The Weekend Wrap

Andrew Sullivan —  Jul 23 2012 @ 9:00am


This weekend on the Dish, we exposed the creepy arrogance of the case against Romney releasing more of his tax returns and showed just how conservative Mormon politicians are. Reaching back to the past, we pointed to the turbulent history of American political parties and recalled Frederick Douglass's idiosyncratic brand of libertarianism. 

In religious coverage, Bruce Epperly explored the meaning of miracles, Ed Feser shared his story of faith lost and found, Jacob Friesenhahn considered the connection between the Trinity and love, John Allen realized what a war on religion really is like, D.G. Hart argued that the GOP and religious right don't deserve to be called conservative, and new studies showed the importance of forgiving yourself. David Barash contemplated Buddhism's approach to the creation story and Buzz Aldrin told us what is was like to take Communion in space.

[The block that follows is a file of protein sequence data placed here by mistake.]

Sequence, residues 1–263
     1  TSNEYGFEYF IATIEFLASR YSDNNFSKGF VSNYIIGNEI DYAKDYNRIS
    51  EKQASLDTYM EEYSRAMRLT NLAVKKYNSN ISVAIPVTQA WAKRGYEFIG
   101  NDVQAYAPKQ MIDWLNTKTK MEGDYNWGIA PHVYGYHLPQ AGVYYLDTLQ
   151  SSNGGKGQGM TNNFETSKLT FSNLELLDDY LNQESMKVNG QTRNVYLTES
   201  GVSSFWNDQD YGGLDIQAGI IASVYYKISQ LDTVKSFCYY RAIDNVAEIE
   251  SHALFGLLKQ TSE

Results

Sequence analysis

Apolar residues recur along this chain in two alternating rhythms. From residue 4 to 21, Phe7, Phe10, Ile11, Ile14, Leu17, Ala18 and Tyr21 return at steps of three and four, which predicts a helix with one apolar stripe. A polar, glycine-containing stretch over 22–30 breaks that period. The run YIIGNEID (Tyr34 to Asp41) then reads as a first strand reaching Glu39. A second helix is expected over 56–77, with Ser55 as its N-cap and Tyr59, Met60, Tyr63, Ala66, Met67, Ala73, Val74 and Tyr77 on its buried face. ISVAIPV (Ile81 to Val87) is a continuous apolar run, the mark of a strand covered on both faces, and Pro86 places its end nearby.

With summer book reading in full swing, Maria Bustillos made the case for what to read next, the History News Network gave advice about what books to avoid, and a blogger found out what happens when you judge a book by its cover. Toni Morrison deplored the state of pop culture, Adam Kirsch paid a visit to the literary scholar who gave us the Norton Anthology of English Literature, and a Norwegian novelist ruminated on death. James Verini believed Christopher Nolan's films were more like games than narratives and Jim Emerson grew tired of the clear line between heroes and villains in superhero flicks. Writing your own novel? Here are some guidelines on how to craft erotica and a great example of insult verse. Read Saturday's poem here; Sunday's here.

For more deep questions tackled by the Dish this weekend, Jonathan Gray plumbed the paradoxes of memory, Sean Gittens inquired about philosophy's usefulness, and scientists puzzled over why men don't have a penis bone. And most importantly, do more people get laid in the summer? It depends on where you live. In assorted commentary, Mary Kay cosmetics proved to be a pyramid scheme, which may make its sales reps open to this this advice on how to get lucky. Rebecca Solnit held that pain was really behind the drug wars and Andrew Tuck defended spending your money on certain luxury goods. MHBs here and here, FOTDs here and here, VFYWs here and here, and the latest window contest here.

– M.S.

(Image by Sergiy Tkachenko)